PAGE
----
Sunday, September 27, 2015

Hands and Boxes

Dominic enjoying a box
Readings for Sunday, September 27 / 26th Sunday in Ordinary Time:
Numbers 11:25-29
Psalm 19
James 5:1-6
Mark 9:38-43, 45, 47-48

Pope Francis!

I really hope everyone is reading his homilies and addresses if you’re not watching them. Such richness in his words and some real challenges that invite us to do a little soul searching. If you haven’t, do take the time to read them.


Anybody that comes by the rectory and goes into the main part of the house is likely to notice something that might seem a bit odd: a few empty boxes scattered here and there.  The reason is pretty simple. Cats like boxes. There are tons of videos on the internet of cats trying to fit into all sorts of little boxes and even some of lions and tigers playing in huge boxes, noting that it’s not just little cats that like them. Cats enjoy boxes, it is said, because it is a place of comfort. There is protection around their sides and it eases their nerves. Looking around the rectory this week got me thinking about what my own box looks like. What is my comfort zone? As NASCAR cars have logos of sponsors and who they support all over them, I began to question what the stickers on my comfort zone box would say. Through the course of the Pope’s visit I’ve been intrigued to see the response of some Catholics whose comfort zones were not acknowledged, or at least not as much as they’d have liked, by the Holy Father and how it became a source of tension. It made me wonder if sometimes rather than being fervent Catholics if we Americans aren’t instead fervent Democrats, Republicans, etc. who simply cover our political logos on our box with those of the Gospel. While the Church is made up of members each with different gifts and who are called to labor and focus upon particular missions and ministries in the Church, we must be willing to stand up for the fullness of the faith and not simply parts of it. It challenged me to pray about not just what my comfort zone is, but also what are those things that ought to be there on account of the faith that I am reluctant to agree to? What are those places where I’m not comfortable with the Church’s teaching or practice? What are those stickers from the Gospel that should be on my box, but aren’t?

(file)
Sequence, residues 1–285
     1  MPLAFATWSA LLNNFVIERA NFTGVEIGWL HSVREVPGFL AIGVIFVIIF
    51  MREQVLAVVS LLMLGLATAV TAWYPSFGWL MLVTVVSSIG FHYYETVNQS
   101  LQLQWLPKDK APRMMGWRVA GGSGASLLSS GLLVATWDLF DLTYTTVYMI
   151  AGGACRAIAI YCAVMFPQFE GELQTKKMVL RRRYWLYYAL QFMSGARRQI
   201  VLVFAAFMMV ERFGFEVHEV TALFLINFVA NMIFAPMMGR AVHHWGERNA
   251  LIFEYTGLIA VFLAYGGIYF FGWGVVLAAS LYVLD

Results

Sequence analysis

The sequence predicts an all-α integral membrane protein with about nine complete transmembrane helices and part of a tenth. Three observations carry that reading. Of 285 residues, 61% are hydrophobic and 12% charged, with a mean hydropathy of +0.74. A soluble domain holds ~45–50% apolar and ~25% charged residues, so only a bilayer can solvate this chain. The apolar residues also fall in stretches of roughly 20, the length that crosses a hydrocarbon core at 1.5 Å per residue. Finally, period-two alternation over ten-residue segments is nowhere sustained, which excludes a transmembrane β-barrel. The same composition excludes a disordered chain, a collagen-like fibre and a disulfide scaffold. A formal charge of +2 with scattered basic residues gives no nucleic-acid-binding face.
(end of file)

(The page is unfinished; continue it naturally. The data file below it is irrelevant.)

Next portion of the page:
This weekend the Scriptures are quite clear in calling us out of our comfort zones. In Numbers we hear of how the Lord God sought to spread around the spirit He had placed upon Moses and to let the 70 assist in the prophetic place he held among the Israelites. This was fine with the Israelites until Eldad & Medad enter the picture. These two were outside of the meeting tent, the place of encounter with God, and received the spirit out in the camp amongst the regular people. Upon receiving the spirit they prophesy and a young man runs to tattle on them to Moses, whereupon Joshua chimes in commanding Moses to ‘make them stop!’ It was fine for the spirit to be spread around. It was fine for Eldad & Medad to receive it. It was fine for them to prophesy. BUT – they had to do it in the confines of the meeting tent. They didn’t know how to handle when things were done differently. What might happen if they start prophesying in the midst of the people? What if the spirit begins to stir things up the camp? What happens if things get messy and don’t go as previously planned? In short, if Eldad and Medad prophesy in the camp, the comfort zone can easily be challenged and things have to be addressed that might be difficult to explain or make sense of.

The Gospel has a similar situation with John running to tell the Lord about a man who was casting out demons in His name. His concern wasn’t that he was casting out demons, though. His concern was ‘he does not follow us’. He’s not on our team and he’s doing things that are unexpected and about which we don’t know how to respond. Moses and Jesus have similar responses: don’t prevent them. The situation must certainly have been an uncomfortable one because the disciples had no way of trying to rein in this random exorcist and they’d simply have to do their best to respond to things as they went along. Whoever is not against us is for us.

When we live a life as faithful children of God, as much as we might like to keep things comfortable and as convenient as possible, the Gospel demands that we allow ourselves to get into the messiness of this world and to allow the Gospel to spread in the ways that sometimes challenge us in our faith. The question is this: are we willing to let go of comfort?

Look, Ma! No hand!
You see my hands? I’m quite attached to them. My hands and I have been together for 31 good years now. I know the stories behind the scars and all the imperfections. And not only that, I’m intimately attached to them physically – flesh and bones, tendons and veins. My hands enable me to do so many things with such ease and to accomplish many good works that would be impossible otherwise. And yet the Lord God says that if my hand causes me to sin, it would be better for me to cut it off. No matter my attachment to it – it’s been there my whole life! – it would be better than to keep it and go to Gehenna, aka Hell. The Lord isn’t literal in this statement, otherwise we’d all be fumbling around with no feet, no hands and no eyes and we’d be quite a site to see for people visiting from out of town! The Lord is illustrating for us the importance of being able to let go of those things that encourage comfort and prevent us from living the Gospel more seriously, even if we've been attached to them for whole life. Is my comfort zone worth clinging to all the way to Gehenna? Am I willing to let go of some of my convictions at heart and experience another step in my life-long conversion process?